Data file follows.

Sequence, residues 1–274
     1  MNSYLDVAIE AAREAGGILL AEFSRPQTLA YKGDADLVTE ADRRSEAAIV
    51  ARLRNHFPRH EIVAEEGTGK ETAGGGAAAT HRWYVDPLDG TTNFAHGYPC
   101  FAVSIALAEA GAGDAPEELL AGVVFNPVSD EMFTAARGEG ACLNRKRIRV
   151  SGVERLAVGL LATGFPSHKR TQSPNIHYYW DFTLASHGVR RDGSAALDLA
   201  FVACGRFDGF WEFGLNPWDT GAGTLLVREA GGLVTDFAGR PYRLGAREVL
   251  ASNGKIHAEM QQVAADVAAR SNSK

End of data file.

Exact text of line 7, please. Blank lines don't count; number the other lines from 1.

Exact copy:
   251  ASNGKIHAEM QQVAADVAAR SNSK